Lytt Labs is a young watch brand boasting modern designs and a slick, urban marketing appeal – all very SevenFriday. Its debut watch is the Inception, and we spent a couple of weeks with it to see what we thought.
By Chris Hall
Our very first impression precedes the arrival of the watch in the office by a few days, but is nevertheless an important one: Lytt Labs is not a particularly great name. Think about it – you’ll forever be explaining “It’s a Lytt Labs… no, L-Y-T-T… no, I’ve no idea what it means”. Inception is not a fantastic name for a product but that’s less important – everything has to be called something after all.
According to the company, the name is meant to evoke both “light” and “lit” (and be pronounced more like the latter). That’s to do with the play of light on the watch’s face, apparently – but also to do with ideas of technology, the future, and “being connected to emerging generations culture”. It’s still a hard one to understand.
When the watch does arrive, we are prepared not to hold the name against it. The packaging feels pretty high quality – a snug black box lined with an Alcantara-esque suede. The Inception certainly looks different – in a good way, I think. If you’re beginning to get bored with the stream of revival designs, you may warm to this, with its sci-fi stylings.
The dial is arranged in a series of concentric circles, with two fixed arrows in anodised coloured aluminium, rotating discs for hours and minutes that align with the arrows to show the time, and a central rotating seconds hand that’s really just there to show you the watch is running. It’s a little bit like the recent Faberge designs, with a central cap over the stubby seconds hand – but the fixed arrows remind us more of something like Montblanc’s Nicolas Rieussec chronographs in concept. Up close, you can see some distinct brushing to that inner aluminium ring; I’m going to assume that’s deliberate but it’s not as fine as it could be. You’d have to pay more to be properly peeved, though.
On the wrist:
Putting it on, I feel like I should be touching two fingers to the dial and beaming to another dimension. There’s something about the Inception that is straight out of the props department for Battlestar Galactica. Again, not necessarily in a bad way.
It’s comfortable. The silicone strap with its double-pronged buckle is super soft, and the fact that it’s part of a lugless design goes a long way to making sure that relatively large (45mm) case sits well on the wrist. I’m not a burly chap and I can wear this reasonably easily – unlike some 43mm or 44mm watches. It helps that it’s only about 11mm thick.
It does catch a little on a shirt cuff – the upshot of that pointed cushion shape design – but as this feels like something intended to be more of a weekend, or casual watch, I’m not too bothered by it.
What is a bit more of an issue is the act of actually telling the time. I’m quite happy with the design – there’s a bit of depth going on, and up close all the dial elements seem to fit together very smartly. And I should say that we spend quite a bit of time with watches that take novel approaches to displaying hours, minutes and seconds, and even with that background I find the Inception a hard one to get used to.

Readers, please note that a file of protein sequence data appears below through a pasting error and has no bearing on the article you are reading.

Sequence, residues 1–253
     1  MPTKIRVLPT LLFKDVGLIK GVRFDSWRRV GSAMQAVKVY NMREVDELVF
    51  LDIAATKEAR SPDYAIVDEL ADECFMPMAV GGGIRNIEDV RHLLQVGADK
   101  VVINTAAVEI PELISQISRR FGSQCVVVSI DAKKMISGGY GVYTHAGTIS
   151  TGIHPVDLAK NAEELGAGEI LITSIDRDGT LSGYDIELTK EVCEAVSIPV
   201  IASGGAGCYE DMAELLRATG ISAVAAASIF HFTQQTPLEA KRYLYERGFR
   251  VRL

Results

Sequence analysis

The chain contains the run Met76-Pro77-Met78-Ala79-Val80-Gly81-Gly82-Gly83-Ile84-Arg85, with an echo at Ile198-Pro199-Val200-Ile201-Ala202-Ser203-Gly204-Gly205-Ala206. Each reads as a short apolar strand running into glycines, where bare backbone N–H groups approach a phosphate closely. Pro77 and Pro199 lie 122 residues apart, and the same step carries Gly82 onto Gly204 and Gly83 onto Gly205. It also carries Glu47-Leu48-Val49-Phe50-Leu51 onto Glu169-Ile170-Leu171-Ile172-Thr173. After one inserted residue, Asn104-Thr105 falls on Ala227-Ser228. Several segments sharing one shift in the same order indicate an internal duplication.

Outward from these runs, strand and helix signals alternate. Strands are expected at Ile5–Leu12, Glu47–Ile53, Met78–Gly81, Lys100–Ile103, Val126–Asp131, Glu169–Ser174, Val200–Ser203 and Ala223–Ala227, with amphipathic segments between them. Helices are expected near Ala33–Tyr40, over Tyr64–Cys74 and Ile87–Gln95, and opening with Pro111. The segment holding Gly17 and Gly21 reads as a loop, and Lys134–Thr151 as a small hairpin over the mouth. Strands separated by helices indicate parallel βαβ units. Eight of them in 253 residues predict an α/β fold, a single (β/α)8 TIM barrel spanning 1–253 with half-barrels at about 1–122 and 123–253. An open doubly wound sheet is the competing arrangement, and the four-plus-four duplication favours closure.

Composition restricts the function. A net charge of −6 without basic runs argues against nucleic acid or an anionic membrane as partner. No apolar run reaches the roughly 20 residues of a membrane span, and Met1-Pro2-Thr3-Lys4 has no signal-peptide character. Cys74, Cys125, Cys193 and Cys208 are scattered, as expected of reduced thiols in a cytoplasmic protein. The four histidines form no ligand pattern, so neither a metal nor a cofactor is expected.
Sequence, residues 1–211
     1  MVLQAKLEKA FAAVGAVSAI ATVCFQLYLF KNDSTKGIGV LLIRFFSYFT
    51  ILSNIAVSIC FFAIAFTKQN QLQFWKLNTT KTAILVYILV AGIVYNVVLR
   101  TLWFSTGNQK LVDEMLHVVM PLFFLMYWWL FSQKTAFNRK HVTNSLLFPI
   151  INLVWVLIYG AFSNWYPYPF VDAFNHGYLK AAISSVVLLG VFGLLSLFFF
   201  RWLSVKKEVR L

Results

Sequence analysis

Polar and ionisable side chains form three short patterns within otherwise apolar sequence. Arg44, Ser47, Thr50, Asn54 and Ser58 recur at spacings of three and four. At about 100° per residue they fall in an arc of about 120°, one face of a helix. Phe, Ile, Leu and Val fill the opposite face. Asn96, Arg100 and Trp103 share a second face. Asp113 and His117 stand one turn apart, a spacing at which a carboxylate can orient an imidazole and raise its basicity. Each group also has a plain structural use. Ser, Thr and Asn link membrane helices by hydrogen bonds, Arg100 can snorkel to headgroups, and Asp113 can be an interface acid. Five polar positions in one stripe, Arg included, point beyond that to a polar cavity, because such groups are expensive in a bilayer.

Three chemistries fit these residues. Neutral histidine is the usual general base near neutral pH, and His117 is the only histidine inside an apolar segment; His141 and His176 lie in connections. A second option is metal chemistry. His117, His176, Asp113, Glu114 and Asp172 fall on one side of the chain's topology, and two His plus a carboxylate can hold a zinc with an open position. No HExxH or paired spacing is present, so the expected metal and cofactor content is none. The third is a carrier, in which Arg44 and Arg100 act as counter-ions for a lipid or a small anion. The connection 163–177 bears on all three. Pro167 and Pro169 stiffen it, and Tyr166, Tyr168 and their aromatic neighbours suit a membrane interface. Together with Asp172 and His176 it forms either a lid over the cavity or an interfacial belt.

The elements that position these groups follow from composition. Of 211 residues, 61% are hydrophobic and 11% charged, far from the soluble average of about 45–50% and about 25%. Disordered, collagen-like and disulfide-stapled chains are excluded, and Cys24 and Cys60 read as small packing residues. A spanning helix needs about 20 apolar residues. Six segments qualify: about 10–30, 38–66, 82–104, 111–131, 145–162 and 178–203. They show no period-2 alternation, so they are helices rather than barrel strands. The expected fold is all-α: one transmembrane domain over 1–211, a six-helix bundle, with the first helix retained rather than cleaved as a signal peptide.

Those arrow markers are fixed at 10:10 but I can’t help expecting them to move around the dial, not the other way round. After a couple of weeks, I feel that the problem is the dial lacks a focal point – there’s no logo and no high-contrast between hands and dial. Perhaps it’s better in the brighter colours.
The technical side:
Inside the Inception is a Seiko Automatic calibre. It has a 41 hour power reserve, and that’s about all that Lytt Labs can tell us about it – which doesn’t narrow it down much. We were expecting Miyota or Sellita, and while this isn’t enormously different from either of those, it does imply that you should get Seiko levels of reliability.
Externally, the build quality seems pretty good. The case is PVD-coated and has a pleasant gloss to it. The strap is bolted to the case with two small hex screws, which look as though you could swap it out for another fairly easily (Lytt Labs also offers the Inception on a leather strap). The watch is rated up to 50m of water resistance, and comes with a QR code embedded into the caseback. Scan it and you get exclusive access to an online Owners Section. Does anyone still use QR codes?
Lytt Labs tells us that the Inception has “quadruple” anti-reflective coating on its sapphire crystal. Be that as it may, I’d say it could be better from my experience photographing the watch.
It is good to see that if the big brands aren’t going to do it, there are watch brands out there thinking about what a 21st century watch looks like, and the Inception deserves credit for being a thoroughly modern mechanical watch. Where it falls down is that in doing so, it has unnecessarily reinvented the wheel with its system of displaying the time. You can say the same for SevenFriday’s models, which use similar rotating displays, but the difference is in the execution. If Lytt Labs could bring a bit more energy to the Inception’s display, beef it up a little, it would work better.
For the price – £649 – it is a decent effort. The worry with watches at this level is that if they look interesting, it’s at the expense of build quality, and that doesn’t seem to be the case here. I think Lytt Labs is on the money with the basics – big, bold, modern and under £1,000 – it just needs to give the whole thing a bit more verve.